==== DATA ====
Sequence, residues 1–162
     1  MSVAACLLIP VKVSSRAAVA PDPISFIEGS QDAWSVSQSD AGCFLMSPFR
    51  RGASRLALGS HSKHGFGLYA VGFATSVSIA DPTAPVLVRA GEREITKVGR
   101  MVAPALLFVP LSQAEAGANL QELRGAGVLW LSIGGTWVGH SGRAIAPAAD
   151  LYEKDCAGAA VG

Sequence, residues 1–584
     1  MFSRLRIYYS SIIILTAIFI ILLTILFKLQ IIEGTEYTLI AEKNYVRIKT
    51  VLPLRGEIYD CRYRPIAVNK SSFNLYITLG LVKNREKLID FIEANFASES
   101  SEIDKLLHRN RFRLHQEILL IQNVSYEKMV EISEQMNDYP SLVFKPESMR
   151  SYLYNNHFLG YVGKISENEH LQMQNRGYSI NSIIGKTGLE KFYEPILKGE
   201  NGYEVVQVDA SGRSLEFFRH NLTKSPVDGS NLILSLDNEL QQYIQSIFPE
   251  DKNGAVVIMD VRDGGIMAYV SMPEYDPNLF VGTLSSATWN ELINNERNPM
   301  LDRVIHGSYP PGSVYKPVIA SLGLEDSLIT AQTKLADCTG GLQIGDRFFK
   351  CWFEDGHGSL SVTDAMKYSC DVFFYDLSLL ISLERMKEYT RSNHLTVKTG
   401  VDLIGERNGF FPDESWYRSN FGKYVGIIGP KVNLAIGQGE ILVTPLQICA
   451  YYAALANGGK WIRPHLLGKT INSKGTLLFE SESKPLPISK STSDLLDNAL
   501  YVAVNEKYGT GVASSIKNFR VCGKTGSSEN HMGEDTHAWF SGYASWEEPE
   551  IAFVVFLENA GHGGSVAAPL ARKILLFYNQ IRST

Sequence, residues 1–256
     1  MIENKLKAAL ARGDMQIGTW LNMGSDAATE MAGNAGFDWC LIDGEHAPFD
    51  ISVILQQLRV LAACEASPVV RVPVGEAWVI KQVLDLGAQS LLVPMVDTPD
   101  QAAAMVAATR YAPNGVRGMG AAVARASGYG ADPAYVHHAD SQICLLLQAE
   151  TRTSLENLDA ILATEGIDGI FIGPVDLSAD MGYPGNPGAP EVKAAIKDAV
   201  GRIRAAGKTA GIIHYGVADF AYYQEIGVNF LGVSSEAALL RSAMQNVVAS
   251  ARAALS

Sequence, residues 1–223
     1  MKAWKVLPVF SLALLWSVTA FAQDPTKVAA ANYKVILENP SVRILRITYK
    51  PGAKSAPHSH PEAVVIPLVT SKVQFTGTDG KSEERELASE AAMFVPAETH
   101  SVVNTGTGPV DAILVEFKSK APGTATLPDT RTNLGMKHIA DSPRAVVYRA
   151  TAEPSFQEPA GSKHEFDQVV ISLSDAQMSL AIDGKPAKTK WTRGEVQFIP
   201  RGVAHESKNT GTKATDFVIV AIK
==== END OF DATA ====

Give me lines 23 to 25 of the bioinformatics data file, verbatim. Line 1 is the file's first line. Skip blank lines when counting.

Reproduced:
   151  TRTSLENLDA ILATEGIDGI FIGPVDLSAD MGYPGNPGAP EVKAAIKDAV
   201  GRIRAAGKTA GIIHYGVADF AYYQEIGVNF LGVSSEAALL RSAMQNVVAS
   251  ARAALS